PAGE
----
In Hall's case, prison mental health staff never labeled his problems as "serious."

Instead, they repeatedly downgraded his diagnosis. After three months in solitary — during which Hall was put on suicide watch twice — they changed his status to a level for inmates who have experienced "at least six months of psychiatric stability."

Two weeks after his diagnosis was downgraded, and two days after he was transferred to solitary at Great Meadow, guards found Hall in his cell hanging from a bed sheet.

As part of a report issued on every inmate death, the Corrections Department's Medical Review Board found no documented reason behind the change in Hall's diagnosis.

A 2011 Poughkeepsie Journal investigation detailed a spike in inmate suicides in 2010, which disproportionately took place in solitary confinement. Death reports from the state's oversight committee obtained by the Journal suggest several inmates who have committed suicide in recent years may have been under-diagnosed.

Hall's family is suing the Corrections Department and the Office of Mental Health, among other defendants, for failing to treat his mental illness and instead locking him in solitary.

Sonya Hall, Amir's aunt, wonders why her nephew was locked up in solitary confinement if he was dealing with a mental illness. (Shannon DeCelle for ProPublica)"If someone knew anything, had any inkling that there was that going on, why was he put there?" asked his aunt Sonya Hall.

New York State's Office of Mental Health, which is in charge of inmates' mental health care, declined to comment on Hall's case, citing the litigation.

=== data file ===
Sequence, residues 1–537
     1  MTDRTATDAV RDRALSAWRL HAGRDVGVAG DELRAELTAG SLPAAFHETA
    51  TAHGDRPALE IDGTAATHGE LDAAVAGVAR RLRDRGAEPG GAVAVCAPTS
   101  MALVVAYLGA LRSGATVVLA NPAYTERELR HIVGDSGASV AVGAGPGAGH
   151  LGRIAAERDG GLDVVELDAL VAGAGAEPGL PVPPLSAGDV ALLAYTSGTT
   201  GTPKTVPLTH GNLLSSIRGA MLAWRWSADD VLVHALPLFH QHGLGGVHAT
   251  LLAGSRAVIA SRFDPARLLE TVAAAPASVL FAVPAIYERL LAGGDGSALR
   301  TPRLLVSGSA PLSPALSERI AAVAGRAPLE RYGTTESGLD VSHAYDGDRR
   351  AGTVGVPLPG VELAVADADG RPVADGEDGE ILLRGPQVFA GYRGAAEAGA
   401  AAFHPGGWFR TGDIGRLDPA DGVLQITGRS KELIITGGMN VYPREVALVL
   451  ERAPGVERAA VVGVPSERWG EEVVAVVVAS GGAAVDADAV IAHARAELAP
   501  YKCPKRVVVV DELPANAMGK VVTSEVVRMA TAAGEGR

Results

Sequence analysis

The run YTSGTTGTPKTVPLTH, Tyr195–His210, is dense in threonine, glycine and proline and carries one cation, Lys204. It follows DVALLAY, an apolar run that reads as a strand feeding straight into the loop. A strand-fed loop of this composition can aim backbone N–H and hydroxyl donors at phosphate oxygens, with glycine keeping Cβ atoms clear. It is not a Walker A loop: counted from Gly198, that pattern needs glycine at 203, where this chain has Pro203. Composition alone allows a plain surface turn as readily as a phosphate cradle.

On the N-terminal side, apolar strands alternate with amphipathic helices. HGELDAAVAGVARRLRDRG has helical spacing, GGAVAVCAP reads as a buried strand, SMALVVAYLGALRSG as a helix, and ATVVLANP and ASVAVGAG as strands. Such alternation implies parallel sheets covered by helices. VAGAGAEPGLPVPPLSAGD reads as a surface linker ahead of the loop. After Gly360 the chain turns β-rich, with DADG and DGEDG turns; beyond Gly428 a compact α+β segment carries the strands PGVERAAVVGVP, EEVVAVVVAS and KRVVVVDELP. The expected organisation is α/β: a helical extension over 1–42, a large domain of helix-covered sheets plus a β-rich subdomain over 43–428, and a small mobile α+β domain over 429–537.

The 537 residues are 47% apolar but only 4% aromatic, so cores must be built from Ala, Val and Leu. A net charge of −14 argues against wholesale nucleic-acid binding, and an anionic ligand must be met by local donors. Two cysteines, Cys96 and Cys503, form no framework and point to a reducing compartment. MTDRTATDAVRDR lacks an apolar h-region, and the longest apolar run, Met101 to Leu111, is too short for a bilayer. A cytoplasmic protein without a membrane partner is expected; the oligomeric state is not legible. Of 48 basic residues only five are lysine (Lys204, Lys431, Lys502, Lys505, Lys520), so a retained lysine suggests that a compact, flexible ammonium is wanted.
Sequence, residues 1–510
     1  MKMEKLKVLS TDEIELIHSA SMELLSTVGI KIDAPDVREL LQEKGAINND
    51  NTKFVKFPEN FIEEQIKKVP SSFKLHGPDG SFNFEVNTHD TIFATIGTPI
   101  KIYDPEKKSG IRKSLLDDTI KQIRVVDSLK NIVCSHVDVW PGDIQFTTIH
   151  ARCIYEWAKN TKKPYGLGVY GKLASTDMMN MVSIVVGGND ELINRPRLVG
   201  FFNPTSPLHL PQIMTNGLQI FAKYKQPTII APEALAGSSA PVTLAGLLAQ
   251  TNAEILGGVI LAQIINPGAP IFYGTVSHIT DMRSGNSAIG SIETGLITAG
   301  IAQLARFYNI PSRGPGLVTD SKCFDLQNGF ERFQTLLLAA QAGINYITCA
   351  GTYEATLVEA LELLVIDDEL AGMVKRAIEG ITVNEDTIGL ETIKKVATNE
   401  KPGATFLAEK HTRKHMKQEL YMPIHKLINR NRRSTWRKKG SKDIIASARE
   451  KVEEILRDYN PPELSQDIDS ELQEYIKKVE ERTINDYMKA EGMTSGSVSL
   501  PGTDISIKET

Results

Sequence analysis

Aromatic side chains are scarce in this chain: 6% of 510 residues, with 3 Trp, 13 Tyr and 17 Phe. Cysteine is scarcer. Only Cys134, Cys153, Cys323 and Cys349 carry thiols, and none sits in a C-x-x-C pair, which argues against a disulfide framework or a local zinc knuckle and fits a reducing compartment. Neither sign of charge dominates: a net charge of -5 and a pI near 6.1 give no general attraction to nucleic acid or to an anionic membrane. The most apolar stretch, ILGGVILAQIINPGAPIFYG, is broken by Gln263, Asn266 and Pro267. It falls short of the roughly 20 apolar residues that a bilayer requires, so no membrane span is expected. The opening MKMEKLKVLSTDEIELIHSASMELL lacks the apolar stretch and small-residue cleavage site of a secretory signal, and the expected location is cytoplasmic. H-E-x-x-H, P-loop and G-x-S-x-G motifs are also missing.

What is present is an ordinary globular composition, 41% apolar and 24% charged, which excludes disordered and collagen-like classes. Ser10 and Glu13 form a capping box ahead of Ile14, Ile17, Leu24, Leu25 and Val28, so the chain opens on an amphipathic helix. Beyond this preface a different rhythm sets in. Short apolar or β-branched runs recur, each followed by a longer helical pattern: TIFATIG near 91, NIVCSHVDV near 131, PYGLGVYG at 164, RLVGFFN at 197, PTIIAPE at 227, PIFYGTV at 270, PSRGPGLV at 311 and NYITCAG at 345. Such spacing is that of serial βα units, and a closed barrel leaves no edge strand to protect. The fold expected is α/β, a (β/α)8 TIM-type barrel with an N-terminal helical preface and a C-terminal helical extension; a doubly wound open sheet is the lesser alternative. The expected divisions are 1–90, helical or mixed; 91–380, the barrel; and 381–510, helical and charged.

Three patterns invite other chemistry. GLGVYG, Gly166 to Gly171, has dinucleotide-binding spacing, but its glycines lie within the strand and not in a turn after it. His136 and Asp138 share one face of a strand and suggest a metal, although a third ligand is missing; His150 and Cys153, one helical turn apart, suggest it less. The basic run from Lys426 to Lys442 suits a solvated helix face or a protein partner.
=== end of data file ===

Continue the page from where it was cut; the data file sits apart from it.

Amir Hall (or Mir, as his family calls him) was originally arrested in October 2007, for the unarmed robbery of a Verizon store. He made off with $86. Released on parole, he lived with his sister Shaleah Hall and her two sons while working at a local Holiday Inn and studying to become a nurse.

"Sometimes I sit there thinking that he's going to walk through the door and make everybody laugh," said Shaleah, who has "In Loving Memory of Amir" tattooed in a curling ribbon on her right bicep. "He was the life of the party. If you met him, you would just love him."

But Hall's mood could shift in an instant, Shaleah said. He was often paranoid, worried that people judged him for being gay. He would snap, then apologize repeatedly for it afterward.

"You had to walk on eggshells sometimes, because you never knew if he was going to be happy or sad that day," Shaleah said. "It was like this ever since we were kids."

One of those outbursts landed Hall back in prison for violating parole, after he got into a fight with Shaleah's friend.

Knowing her brother's history of mental illness, Shaleah said solitary confinement must have "drove him crazy."

"I feel like they treated him like an animal," she said. "They just locked him away and forgot about him."

The lawsuit over Hall's death claims mental health and prison staff ignored recommendations that he receive more treatment, and that staff members failed to properly assess his mental health when he arrived at Great Meadow.

In a response to the state oversight committee's assessment of Hall's case, the Office of Mental Health said they were retraining staff on screening for suicide risk. The Corrections Department said they were working to improve communication when inmates are transferred to new facilities.

Sarah Kerr, a staff attorney with the Prisoners' Rights Project of the Legal Aid Society, noted Hall's case during a Senate hearing on solitary confinement. "The repeated punitive responses to [Hall] as he psychiatrically deteriorated in solitary confinement exemplify the importance of vigilance and monitoring, and the need for diversion from harmful solitary confinement," she wrote.